Where Good Ideas Come from - Review

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The argument of this book {Where Good Ideas Come From: The Natural History of Innovation By Steven Johnson} is that a series of shared properties and patterns recur again and again in unusually fertile environments. The have been distilled down into seven patterns. The more we embrace these patterns—in our private work habits and hobbies, in our office environments, in the design of new software tools—the better we will be at tapping our extraordinary capacity for innovative thinking. These patterns turn out to have a long history, much older than most of the systems that have been conventionally associated with innovation. If there is a single maxim that runs through this book’s arguments, it is that we are often better served by connecting ideas than we are by protecting them. Like the free market itself, the case for restricting the flow of innovation has long been buttressed by appeals to the "natural " order of things. But the truth is, when one looks at innovation in nature and in culture, environments that build walls around good ideas tend to be less innovative in the long run than more open-ended environments. Good ideas may not want to be free, but they do want to connect, fuse, recombine. They want to reinvent themselves by crossing conceptual borders. They want to complete each other as much as they want to compete. The seven patterns are as follows:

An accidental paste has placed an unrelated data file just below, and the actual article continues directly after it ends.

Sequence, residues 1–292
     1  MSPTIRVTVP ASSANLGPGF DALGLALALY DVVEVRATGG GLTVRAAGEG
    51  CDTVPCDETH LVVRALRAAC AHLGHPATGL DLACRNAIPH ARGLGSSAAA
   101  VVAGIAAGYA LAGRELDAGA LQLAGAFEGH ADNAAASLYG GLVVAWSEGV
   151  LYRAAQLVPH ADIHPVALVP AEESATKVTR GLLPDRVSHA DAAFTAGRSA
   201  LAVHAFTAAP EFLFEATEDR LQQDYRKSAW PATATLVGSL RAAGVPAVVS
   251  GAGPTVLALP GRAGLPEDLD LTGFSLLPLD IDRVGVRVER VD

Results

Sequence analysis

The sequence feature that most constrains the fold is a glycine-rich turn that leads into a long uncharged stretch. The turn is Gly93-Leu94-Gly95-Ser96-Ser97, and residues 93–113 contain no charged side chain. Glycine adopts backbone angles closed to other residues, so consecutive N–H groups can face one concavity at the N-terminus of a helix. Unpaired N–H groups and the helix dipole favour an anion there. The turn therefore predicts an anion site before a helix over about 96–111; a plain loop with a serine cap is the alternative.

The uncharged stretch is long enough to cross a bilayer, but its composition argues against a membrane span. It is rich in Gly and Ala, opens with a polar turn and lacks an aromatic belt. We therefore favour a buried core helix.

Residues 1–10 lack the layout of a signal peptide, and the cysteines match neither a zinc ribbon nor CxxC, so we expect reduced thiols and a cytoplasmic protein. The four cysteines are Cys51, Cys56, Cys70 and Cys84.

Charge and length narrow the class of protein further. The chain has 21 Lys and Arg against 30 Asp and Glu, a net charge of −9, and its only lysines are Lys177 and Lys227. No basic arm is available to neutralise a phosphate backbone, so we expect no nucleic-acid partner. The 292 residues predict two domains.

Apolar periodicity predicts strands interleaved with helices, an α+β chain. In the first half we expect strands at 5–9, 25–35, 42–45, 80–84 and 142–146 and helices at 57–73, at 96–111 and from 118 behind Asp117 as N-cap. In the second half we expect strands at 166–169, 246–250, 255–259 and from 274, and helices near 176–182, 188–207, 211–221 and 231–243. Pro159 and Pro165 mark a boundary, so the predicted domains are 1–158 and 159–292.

I.Adjacent Possible – basically it is the “shadow future, hovering on the edges of the present state of things, a map of all the ways in which the present can reinvent itself”. The strange and beautiful truth about the adjacent possible is that its boundaries grow as you explore those boundaries. Good ideas are not conjured out of thin air; they are built out of a collection of existing parts, the composition of which expands (and, occasionally, contracts) over time. . II.Liquid networks - from coffee houses to the MIT Building 20, Lab, or the Microsoft Building 99,...
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